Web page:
“BBC Three will continue to do all the things we love but it will also have the freedom to break traditional shackles and allow the BBC to be a leader in digital change. It will not just be a TV Channel distributed online. There is a wonderful creative opportunity here to develop new formats with new programme lengths – and to reach young audiences in an ever growing number of ways. Will we still want to make all of our Current Affairs’ documentaries at 60 minutes in the age of Vice and youtube? Will we find that contemporary documentary and formats work much better at 40 or 45 minutes than 58? What will we learn about the length we want to make each episode of our dramas or comedies, perhaps learning from new market players like Netflix and Amazon? Although I’m sure that video – televisual – content will be at the core of the new BBC Three, we’ll need to challenge ourselves to think and create differently. In this sense, BBC Three will be the spearhead for a new age of digital change for the BBC. It will be the pathfinder as we learn how audience behaviour is changing in the coming years – and it will allow the BBC to be ready for the next waves of disruptive digital disruption.

“We will also make sure that every piece of long-form BBC Three content finds a home on one of our linear television channels. We do not want our content for young audiences to be available only to those with a broadband connection – and we don’t want anyone to miss out on the great new programmes we will be producing. So every long-form programme will be transmitted on either BBC One or BBC2, with most playing at 10.35pm or a little later. Playing them on BBC One will massively increase the reach of these programmes for young audiences and guarantee that we do not risk creating a ‘haves and have nots’, a digital divide when it comes to enjoying what we are making for the public. It will also make BBC Three an even more exciting place to be for on-screen talent. Their shows will be shown on BBC Three’s new home on iplayer but they will also know that their work will get a showing on either the Nation’s biggest television channel, BBC One or the hugely popular BBC2.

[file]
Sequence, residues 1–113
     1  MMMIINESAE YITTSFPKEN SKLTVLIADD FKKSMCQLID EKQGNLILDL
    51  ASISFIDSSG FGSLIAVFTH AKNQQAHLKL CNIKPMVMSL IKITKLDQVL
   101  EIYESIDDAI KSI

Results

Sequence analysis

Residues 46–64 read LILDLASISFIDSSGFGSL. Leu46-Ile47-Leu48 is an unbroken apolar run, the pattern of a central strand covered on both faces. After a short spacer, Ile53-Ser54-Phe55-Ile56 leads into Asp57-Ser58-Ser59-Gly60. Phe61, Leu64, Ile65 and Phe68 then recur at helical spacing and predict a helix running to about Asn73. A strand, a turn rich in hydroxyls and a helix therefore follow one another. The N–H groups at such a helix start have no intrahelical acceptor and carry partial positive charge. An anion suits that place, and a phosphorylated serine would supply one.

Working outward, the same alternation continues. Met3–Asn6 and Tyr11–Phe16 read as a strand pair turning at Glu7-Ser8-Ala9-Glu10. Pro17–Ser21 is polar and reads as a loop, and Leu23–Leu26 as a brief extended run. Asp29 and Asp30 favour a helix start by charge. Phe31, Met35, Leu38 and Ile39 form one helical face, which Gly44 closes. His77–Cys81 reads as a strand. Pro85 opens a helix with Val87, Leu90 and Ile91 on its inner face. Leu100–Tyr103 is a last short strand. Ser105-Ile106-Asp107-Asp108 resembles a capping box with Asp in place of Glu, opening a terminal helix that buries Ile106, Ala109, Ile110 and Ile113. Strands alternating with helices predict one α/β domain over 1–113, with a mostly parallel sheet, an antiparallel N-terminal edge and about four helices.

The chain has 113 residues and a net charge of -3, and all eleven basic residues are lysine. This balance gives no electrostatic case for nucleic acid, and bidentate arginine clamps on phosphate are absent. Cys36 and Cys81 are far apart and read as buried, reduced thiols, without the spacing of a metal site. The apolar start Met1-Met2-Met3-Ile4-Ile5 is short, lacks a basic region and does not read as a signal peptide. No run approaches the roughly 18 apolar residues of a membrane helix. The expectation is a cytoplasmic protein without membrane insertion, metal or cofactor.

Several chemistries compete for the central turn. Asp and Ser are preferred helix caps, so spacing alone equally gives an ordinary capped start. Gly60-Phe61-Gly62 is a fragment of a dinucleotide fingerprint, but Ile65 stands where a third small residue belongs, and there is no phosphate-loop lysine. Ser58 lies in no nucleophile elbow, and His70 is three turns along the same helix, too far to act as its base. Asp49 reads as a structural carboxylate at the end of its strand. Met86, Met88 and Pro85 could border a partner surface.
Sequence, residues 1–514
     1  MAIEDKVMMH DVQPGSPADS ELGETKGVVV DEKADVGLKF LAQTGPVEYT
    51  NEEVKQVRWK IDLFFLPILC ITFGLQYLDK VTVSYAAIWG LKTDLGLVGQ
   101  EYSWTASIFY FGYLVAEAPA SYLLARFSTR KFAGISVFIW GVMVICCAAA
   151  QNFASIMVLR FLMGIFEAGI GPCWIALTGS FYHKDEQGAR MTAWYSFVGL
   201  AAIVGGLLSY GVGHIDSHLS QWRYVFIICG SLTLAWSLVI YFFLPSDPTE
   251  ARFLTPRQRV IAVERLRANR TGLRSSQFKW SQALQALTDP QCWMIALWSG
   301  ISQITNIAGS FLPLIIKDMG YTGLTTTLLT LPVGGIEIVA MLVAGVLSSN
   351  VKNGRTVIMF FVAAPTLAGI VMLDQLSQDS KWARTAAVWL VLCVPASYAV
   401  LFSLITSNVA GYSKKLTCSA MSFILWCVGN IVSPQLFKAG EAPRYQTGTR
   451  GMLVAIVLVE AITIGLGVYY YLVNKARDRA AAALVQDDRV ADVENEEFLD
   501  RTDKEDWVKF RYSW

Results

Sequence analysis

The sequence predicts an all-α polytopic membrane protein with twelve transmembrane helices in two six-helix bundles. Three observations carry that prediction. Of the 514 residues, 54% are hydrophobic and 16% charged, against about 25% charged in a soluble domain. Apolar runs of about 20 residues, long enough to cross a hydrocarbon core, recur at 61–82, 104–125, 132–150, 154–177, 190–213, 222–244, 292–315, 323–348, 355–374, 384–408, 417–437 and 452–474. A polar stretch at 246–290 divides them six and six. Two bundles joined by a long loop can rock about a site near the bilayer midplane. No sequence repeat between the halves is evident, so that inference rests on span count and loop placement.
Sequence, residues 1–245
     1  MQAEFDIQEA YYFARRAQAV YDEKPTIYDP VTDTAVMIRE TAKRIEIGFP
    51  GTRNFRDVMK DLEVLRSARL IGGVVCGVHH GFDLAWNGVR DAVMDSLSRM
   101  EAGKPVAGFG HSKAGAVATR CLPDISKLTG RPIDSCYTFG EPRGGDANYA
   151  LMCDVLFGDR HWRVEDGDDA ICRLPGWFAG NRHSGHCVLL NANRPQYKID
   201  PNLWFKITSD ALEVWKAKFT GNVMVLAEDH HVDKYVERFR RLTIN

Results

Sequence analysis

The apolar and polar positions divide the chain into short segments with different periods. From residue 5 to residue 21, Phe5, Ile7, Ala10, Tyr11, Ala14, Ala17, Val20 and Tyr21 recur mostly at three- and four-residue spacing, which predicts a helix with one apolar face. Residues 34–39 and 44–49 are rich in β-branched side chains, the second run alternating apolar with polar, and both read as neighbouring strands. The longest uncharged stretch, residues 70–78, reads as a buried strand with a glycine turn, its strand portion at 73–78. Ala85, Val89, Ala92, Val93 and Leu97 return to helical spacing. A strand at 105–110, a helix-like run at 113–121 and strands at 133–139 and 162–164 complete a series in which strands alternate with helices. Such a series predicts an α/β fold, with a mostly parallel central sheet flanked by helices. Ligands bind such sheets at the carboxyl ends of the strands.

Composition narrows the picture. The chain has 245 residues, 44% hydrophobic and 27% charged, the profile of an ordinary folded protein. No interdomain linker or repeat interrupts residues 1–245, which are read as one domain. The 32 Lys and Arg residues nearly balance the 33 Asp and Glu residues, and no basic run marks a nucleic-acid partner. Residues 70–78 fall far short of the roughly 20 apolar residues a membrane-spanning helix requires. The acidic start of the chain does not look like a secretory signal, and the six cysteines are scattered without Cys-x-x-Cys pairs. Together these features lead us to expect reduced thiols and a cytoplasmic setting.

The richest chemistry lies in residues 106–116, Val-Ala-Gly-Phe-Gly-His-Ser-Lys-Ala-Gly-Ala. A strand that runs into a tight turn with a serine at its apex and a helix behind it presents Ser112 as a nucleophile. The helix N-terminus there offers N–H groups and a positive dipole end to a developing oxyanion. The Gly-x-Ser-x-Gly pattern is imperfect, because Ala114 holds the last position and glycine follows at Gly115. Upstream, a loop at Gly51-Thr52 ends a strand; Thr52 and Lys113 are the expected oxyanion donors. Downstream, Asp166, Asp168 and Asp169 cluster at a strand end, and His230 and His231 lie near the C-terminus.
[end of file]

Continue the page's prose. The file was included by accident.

All questions
BBC Three Linear channel re-opens1
Removing all barriers to communication between diverse cultures2
How do I get a test card with Freeview3
What can I do when my Sky Digibox says 'No Signal' or 'Technical fau4
Can I receive UK TV in Ghana?5
In this section
BBC salami-slicing returns to overnight services?1
#GreatBBC campaign launched2
Goodbye BBC Red Button!3